Vegetarian diet lessens severity of rheumatoid arthritis

3 minute read

Studies presented at ACR 2022 revealed that patients can significantly benefit from eating more plant-based foods and exercising, while turmeric is ultimately ineffective.

Improving general health and wellbeing through simple integrative interventions reduces disease activity for rheumatoid arthritis patients, according to research presented at ACR Convergence 2022.

A team of Dutch researchers presented their work examining the effectiveness of the ‘Plants for Joints’ program, an integrative intervention program promoting a plant-based diet, exercise and stress management.  

In around 80 patients with RA disease activity ranging from low to moderate, the authors found that participants enrolled in the program had a mean 28-joint Disease Activity Score (DAS28) score that was 0.9 lower than that of the control group receiving standard care alone. This reduced disease activity was identified at the eight-week follow-up, and continued to be seen at the sixteen-week period.

In addition, those in the program lost around four kilograms more on average than control participants. They also experienced significant improvements for other measures of RA disease activity, including fat mass and biochemical markers such as haemoglobin A1c, LDL and triglycerides, although glucose and HDL stayed the same.

The presentation was a timely accompaniment to the ACR’s new guidelines outlining best-practice approaches to integrative interventions for treating RA, including diet and exercise, which were also presented at ACR Convergence 2022.

According to rheumatologist and clinical pharmacologist Dr David Liew, integrative intervention programs like the Plants for Joints program could be very significant for clinicians treating patients with low to moderate RA.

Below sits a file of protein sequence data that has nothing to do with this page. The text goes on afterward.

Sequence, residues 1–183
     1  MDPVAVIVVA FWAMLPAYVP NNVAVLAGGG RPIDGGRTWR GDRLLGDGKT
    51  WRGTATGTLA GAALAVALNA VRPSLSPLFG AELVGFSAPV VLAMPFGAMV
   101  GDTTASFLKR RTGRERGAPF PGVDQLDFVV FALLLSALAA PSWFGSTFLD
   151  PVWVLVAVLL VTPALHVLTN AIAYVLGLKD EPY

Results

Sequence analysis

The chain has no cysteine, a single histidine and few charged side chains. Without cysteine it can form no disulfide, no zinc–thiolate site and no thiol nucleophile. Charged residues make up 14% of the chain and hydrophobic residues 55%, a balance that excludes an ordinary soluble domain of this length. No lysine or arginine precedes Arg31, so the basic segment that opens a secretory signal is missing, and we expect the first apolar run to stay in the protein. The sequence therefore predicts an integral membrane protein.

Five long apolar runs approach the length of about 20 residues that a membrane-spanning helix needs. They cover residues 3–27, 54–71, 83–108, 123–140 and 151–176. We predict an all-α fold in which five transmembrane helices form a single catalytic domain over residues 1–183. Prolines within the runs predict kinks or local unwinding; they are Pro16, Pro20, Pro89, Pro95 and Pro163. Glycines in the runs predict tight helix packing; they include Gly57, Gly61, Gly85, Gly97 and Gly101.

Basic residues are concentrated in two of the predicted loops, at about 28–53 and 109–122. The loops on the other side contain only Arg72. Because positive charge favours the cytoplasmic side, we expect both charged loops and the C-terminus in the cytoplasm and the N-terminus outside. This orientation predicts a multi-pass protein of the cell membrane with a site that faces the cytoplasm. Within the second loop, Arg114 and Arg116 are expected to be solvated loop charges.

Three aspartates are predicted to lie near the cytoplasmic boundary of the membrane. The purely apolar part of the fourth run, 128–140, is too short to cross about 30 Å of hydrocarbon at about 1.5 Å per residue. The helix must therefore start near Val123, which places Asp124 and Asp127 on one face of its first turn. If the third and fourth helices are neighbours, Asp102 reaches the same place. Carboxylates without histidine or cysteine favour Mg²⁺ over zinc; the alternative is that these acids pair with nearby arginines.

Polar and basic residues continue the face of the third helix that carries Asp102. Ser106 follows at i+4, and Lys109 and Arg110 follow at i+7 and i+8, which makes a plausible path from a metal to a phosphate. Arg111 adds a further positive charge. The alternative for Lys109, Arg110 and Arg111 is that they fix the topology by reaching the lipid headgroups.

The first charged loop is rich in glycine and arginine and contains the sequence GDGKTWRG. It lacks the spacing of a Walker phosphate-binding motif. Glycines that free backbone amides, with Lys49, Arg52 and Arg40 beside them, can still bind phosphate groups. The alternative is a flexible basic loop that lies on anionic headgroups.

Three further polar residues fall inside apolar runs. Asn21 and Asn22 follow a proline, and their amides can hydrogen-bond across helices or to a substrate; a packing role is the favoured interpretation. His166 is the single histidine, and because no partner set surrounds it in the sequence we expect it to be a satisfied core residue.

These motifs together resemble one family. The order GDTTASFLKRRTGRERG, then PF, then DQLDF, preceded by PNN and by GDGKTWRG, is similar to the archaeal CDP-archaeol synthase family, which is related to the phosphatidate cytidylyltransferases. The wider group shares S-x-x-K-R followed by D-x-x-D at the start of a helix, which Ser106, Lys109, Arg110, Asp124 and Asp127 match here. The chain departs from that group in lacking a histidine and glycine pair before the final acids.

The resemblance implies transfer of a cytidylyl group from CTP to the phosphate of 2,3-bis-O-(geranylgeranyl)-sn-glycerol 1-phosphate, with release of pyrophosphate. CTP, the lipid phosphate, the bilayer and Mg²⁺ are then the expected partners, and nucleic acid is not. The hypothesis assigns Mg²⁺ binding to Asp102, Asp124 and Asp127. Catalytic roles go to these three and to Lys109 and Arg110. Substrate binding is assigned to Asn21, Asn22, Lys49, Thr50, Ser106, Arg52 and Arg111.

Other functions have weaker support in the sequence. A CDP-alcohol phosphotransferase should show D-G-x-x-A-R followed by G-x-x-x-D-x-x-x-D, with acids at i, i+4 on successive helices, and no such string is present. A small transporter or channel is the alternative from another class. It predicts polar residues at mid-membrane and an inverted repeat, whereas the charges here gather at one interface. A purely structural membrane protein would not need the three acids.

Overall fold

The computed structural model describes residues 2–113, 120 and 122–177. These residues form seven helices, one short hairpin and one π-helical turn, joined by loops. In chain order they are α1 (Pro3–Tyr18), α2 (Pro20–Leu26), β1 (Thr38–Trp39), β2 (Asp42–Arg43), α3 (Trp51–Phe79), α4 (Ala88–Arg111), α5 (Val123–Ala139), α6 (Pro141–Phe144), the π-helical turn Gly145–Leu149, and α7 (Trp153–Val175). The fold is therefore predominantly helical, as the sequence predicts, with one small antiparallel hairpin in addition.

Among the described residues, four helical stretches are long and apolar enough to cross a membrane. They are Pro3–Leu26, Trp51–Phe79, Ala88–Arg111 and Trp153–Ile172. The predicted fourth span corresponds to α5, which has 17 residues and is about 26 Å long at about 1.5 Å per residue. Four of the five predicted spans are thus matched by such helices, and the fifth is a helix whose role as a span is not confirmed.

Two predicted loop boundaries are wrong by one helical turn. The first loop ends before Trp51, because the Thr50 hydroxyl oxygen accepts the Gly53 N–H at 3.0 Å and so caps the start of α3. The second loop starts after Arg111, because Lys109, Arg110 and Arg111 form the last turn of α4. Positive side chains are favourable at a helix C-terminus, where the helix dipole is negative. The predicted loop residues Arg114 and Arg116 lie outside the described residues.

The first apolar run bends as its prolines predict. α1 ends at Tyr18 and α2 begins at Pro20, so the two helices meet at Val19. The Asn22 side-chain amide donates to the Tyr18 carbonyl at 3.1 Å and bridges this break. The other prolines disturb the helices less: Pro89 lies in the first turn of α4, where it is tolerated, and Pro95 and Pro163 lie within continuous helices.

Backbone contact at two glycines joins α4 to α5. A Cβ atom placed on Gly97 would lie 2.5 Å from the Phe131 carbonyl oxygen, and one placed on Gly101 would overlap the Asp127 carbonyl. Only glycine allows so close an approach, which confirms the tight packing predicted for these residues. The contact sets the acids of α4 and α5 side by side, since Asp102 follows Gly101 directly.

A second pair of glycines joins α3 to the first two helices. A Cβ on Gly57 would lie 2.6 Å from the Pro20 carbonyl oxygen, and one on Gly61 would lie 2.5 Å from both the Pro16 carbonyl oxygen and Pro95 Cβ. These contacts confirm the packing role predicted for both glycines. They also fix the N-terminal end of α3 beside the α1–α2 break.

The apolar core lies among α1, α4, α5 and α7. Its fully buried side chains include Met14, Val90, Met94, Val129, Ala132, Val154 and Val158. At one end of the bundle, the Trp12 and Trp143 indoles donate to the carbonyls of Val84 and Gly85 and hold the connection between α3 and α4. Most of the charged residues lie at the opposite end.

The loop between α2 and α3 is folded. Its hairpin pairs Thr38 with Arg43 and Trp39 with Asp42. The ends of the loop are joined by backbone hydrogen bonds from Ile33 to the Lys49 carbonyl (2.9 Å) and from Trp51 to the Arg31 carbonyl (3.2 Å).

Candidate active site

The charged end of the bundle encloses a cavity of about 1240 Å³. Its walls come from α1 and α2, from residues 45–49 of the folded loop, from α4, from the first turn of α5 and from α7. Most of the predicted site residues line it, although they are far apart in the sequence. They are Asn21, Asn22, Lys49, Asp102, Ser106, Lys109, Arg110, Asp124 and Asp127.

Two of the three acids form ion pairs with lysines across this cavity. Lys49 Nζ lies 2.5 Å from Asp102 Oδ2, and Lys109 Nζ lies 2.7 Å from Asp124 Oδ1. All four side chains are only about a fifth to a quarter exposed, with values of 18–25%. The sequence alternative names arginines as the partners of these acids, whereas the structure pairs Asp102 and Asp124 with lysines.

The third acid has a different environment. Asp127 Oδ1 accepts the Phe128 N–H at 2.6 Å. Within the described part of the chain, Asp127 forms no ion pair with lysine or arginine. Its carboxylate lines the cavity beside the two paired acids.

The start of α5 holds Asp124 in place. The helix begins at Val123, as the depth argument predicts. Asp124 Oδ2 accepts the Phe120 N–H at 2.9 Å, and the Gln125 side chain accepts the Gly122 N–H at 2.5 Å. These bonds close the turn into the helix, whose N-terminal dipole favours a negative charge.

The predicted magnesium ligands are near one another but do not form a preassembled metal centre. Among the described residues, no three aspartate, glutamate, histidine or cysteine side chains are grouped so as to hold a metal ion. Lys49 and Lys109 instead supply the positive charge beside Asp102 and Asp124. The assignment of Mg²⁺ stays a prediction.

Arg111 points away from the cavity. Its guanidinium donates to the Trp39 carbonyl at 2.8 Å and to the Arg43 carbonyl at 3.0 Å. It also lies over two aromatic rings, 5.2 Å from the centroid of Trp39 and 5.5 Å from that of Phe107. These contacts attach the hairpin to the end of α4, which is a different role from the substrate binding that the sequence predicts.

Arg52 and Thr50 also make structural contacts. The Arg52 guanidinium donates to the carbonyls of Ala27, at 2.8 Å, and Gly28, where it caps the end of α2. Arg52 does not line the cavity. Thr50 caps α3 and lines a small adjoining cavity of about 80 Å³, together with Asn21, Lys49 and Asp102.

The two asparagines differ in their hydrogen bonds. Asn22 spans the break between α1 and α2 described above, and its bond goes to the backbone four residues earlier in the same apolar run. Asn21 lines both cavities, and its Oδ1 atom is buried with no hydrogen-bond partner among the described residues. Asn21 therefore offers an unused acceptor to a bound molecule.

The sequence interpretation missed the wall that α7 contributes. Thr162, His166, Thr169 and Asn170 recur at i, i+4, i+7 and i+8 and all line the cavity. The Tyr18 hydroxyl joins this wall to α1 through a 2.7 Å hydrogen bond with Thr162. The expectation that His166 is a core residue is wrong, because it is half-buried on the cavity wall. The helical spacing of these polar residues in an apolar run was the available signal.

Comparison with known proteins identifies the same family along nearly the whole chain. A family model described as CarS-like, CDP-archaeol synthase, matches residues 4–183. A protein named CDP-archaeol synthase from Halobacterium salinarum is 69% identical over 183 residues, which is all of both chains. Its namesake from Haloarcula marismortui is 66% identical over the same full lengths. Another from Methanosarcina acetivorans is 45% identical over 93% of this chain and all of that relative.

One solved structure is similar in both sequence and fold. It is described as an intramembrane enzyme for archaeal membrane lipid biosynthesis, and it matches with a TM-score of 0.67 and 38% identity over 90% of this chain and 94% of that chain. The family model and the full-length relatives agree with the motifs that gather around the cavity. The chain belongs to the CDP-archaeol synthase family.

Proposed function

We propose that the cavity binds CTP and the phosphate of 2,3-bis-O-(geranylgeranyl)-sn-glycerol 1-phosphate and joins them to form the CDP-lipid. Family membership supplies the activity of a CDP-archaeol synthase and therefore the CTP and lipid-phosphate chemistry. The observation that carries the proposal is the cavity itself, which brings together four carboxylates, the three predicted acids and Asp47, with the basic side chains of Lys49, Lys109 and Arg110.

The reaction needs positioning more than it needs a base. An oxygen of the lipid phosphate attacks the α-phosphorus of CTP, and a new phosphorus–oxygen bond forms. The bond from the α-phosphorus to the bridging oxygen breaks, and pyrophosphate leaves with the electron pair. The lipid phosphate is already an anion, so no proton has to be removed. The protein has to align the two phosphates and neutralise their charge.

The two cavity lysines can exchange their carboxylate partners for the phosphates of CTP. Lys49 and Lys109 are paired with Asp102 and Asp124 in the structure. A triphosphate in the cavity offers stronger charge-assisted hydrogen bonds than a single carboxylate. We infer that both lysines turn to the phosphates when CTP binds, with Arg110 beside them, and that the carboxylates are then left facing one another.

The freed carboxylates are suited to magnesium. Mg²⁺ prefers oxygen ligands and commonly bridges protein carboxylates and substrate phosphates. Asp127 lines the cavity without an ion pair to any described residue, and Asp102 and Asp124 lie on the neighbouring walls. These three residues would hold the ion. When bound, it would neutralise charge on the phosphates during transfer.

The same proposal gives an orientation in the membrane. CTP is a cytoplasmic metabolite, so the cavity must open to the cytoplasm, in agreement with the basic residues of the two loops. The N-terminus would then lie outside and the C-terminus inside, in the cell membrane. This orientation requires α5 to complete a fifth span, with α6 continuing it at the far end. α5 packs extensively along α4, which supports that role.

“While the value of individual components of this program is also yet to be determined, operationalising therapeutic interventions in this area with real impact for RA disease activity represents an exciting development in an area without enough good evidence,” Dr Liew wrote in an article for RheumNow.

Also presented at ACR Convergence 2022 was a new study from India that showed curcumin, the active component of turmeric, is not an effective alternative for current RA therapies, despite its global popularity among osteoarthritis and rheumatoid arthritis patients. 

Researchers based in Kochi measured data from around 200 patients with well-controlled RA looking to cease their current treatments, to see whether curcumin could prevent RA flares versus placebo for 52 weeks.  

Despite using a formulation with high bioavailability, the team found that curcumin made no difference to the frequency of RA flares compared to the placebo treatment, nor did it improve rates of relapse-free survival. In fact, more patients in the curcumin group experienced flares than those in the control cohort.

Reports of adverse effects were similar for both groups, with infection being reported by one member of each, one case of a benign tumour in the curcumin group, and two psoriasis diagnoses recorded in the placebo group.

The researchers concluded that even a long duration of highly active curcumin was not a suitable replacement for conventional RA therapies.

“In RA patients who are in remission in whom conventional synthetic DMARDs (csDMARDs) were being systematically tapered, the addition of curcumin, despite having a good bioavailability, did not affect the flare-free survival or time to flare,” they wrote.

#1998 Effect of a Lifestyle Program Based on a Whole Food Plant-based Diet, Physical Activity, and Stress Management in Patients with Rheumatoid Arthritis: A Randomized Controlled Trial

#1587 Efficacy and Safety of Curcumin in Maintaining Remission During Disease Modifying Anti Rheumatic Drug Withdrawal in Rheumatoid Arthritis at 52 Weeks: Phase III Double-Blind Randomized Placebo Controlled Trial

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